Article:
This is probably the most work at one time on your part, but if you have a ton of stuff, you can get it out in one day. When I was little we did yard sales and I remember helping my mom price things with little colored stickers the night before and counting all the money afterward. Your ability to have a successful sale depends greatly on where you live. Make sure you advertise with signs and on Craig’s List. Some areas don’t allow them at all, but it might be possible to set up a table at a flea market or swap meet.

{Alternative Yard Sale.}

This is what I’ve done a few times and I really like it. I set up a public album on Facebook and add photos of everything I want to sell, including the price in the description. Once something sells, I remove the photo. I also put things up on Craig’s List and other sites, but if a friend wants it hey, it’s much less hassle to sell!

{Amazon, Ebay, Etsy, etc.}

These are great for listing books, electronics, collectables, vintage or high-end items. You’ll typically have to be able to ship quickly so keep that in mind. You’ll also loose a little money to listing or selling fees so read all the fine print.

{Craig’s List.}

Here is really great advice on selling with CL. Baby stuff like cribs and strollers usually do well. Last year we sold my husband’s car on Craig’s List! Of course, use common sense. Meet people outside your home if possible and don’t go alone.

{Third Party Sellers.}

This might be the least return on your money but it’s also the least hassle. There are many children’s consignment shops that will buy gently used clothing. Many of them are picky, so don’t be offended if they reject your stuff. Make sure clothes are freshly-washed and not stained or dingy. Each store’s website usually has a list of what they are looking for and what they don’t accept.

I usually go to Children’s Orchard. I like that they take all clothes year-round so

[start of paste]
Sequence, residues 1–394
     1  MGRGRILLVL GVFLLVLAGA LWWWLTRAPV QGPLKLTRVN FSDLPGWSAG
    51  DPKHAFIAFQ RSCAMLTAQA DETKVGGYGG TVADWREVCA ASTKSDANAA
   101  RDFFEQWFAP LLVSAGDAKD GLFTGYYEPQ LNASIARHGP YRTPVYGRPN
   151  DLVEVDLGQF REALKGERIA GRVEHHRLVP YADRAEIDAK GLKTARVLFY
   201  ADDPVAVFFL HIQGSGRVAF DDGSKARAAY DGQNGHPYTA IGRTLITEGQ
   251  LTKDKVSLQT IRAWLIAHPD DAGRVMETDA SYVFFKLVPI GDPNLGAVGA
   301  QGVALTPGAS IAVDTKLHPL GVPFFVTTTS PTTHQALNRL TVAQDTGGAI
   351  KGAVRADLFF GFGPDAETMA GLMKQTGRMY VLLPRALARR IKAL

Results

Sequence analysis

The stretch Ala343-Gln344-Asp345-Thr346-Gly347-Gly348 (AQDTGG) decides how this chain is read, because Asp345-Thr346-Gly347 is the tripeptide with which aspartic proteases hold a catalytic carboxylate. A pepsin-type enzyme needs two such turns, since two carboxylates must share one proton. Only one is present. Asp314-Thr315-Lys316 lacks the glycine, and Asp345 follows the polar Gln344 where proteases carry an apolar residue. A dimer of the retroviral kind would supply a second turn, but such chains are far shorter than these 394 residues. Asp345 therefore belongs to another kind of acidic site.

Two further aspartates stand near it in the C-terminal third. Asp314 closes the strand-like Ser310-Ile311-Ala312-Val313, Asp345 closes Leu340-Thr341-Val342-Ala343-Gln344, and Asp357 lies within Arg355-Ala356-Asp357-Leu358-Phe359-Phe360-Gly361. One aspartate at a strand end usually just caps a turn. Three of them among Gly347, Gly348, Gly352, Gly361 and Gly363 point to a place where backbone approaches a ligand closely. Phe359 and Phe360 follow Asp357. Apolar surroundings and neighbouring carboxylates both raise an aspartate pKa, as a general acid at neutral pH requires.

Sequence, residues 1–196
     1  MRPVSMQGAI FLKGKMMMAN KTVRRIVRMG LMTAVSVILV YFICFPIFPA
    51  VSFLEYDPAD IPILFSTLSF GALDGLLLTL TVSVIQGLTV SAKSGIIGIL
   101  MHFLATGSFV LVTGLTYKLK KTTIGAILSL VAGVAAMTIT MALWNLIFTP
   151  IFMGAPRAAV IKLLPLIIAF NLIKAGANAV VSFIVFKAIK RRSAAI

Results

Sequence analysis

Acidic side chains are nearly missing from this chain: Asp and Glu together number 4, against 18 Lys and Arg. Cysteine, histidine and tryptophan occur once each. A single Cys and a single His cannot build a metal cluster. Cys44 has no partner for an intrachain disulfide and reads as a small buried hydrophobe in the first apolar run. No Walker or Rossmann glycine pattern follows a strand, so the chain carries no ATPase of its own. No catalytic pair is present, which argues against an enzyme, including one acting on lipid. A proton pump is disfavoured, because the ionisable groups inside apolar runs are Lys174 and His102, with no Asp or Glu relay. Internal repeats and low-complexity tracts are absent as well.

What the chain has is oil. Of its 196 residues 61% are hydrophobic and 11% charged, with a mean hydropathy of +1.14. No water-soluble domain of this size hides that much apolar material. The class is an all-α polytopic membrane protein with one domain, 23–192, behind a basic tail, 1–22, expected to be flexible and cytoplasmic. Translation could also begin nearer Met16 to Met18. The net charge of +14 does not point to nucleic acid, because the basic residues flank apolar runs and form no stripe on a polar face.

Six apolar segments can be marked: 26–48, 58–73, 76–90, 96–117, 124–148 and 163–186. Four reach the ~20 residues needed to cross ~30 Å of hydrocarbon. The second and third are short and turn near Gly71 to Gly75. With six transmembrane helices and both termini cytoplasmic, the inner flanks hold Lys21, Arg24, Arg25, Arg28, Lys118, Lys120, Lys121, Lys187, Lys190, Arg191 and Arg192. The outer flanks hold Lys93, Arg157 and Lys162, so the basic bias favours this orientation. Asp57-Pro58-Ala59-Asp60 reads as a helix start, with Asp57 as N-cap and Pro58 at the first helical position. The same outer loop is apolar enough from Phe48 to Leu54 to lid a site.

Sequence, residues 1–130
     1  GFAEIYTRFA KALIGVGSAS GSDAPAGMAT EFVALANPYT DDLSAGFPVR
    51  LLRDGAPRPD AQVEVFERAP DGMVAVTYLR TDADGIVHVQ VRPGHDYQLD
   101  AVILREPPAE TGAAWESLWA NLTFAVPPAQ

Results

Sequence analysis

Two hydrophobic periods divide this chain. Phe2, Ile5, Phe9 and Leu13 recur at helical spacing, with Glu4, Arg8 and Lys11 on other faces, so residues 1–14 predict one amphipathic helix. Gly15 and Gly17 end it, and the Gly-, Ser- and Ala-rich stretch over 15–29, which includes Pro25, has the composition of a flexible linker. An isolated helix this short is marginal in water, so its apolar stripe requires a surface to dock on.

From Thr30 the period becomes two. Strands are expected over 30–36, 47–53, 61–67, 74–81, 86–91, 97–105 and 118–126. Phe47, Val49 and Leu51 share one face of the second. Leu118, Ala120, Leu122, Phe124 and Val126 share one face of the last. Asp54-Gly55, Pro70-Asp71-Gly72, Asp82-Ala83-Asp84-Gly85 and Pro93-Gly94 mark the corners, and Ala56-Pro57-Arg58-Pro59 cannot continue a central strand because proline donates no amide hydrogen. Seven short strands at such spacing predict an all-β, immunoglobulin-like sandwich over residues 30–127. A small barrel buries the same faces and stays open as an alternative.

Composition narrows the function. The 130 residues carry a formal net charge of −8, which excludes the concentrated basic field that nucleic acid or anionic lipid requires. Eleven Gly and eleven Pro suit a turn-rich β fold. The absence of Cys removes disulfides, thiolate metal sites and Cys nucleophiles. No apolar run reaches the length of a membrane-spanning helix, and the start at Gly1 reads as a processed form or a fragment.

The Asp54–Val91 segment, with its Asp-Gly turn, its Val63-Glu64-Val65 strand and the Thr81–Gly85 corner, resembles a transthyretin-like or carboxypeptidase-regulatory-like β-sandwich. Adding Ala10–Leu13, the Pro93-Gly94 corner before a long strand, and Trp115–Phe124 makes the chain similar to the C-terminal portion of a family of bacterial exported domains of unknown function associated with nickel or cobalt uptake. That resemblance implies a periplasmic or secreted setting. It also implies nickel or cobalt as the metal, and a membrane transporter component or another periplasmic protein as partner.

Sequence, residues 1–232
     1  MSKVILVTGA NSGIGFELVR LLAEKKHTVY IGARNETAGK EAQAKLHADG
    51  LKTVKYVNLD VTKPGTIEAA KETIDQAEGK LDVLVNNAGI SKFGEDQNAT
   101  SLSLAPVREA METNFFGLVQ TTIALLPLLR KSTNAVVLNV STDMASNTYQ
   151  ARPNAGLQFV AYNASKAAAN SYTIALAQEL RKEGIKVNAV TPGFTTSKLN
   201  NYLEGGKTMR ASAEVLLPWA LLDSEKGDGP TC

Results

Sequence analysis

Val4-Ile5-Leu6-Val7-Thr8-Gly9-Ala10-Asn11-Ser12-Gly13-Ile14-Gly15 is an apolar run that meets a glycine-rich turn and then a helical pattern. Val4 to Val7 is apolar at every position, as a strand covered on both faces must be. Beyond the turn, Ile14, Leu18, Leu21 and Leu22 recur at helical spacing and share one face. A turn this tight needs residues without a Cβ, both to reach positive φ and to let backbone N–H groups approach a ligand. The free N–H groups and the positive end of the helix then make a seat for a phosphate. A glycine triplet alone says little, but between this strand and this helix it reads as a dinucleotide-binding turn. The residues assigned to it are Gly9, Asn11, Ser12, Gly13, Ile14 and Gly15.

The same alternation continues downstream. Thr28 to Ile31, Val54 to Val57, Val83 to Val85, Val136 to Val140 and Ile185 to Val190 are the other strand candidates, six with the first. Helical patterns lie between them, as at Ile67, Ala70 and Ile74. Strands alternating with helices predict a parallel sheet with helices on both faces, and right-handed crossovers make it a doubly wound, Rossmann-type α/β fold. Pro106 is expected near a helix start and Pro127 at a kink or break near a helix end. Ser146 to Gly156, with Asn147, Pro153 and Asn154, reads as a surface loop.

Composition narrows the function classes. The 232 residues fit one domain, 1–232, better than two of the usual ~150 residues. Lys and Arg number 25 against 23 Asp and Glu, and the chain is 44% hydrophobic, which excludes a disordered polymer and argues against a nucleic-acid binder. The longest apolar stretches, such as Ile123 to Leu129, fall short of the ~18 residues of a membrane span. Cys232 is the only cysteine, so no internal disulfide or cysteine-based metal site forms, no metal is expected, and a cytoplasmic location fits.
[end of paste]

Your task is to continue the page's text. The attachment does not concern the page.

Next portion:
I don’t have to worry about the season. Also, there’s one next to Sweetbottoms! Convenience!

There’s also the possibility of selling adult clothing and accessories. National chain,  Plato’s Closet buys clothes that are on the trendier side (not your old yoga pants) and there might be others in your area. I got $50 from Plato’s Closet and whatever was rejected went straight to donation.

There are also online sites like Gazelle where you can send in old electronics to sell them. Just know that when dealing with a third-party instead of selling direct-to-buyer you’ll probably make a little less money.


From thrift shops to clothing drives, it’s easy to give stuff away for free. Some places even have a drive through! A quick Google search of your area will let you know your options. Please be sure there’s no trash in your piles, though. Things like stuffed animals, bedding and badly damaged items aren’t donate-able. They might be able to be recycled, however! Try Freecycle or The Council for Textile Recycling for more ideas.

Once you have everything ready, load the car. You’ll be so relieved to have your space back and since it’s in the car you’ll get rid of it faster.


How long should all this take you? It depends on how much stuff you have and how motivated you are to get rid of it. Some people knock it out in one weekend with a big sale and lots of help. I’m slowly making my way through my sale pile. It’s been a couple of months, but I’ve been busy. From the huge mess in the photo above, I’m down to 2 bins, a box of books, and the crib that still need to go. So far I’ve made over $200 and most importantly I have free space to play with my kids. Yep, that was the playroom.


Are you motivated to do a serious purge? What are you saving up for? What is your goal for your space?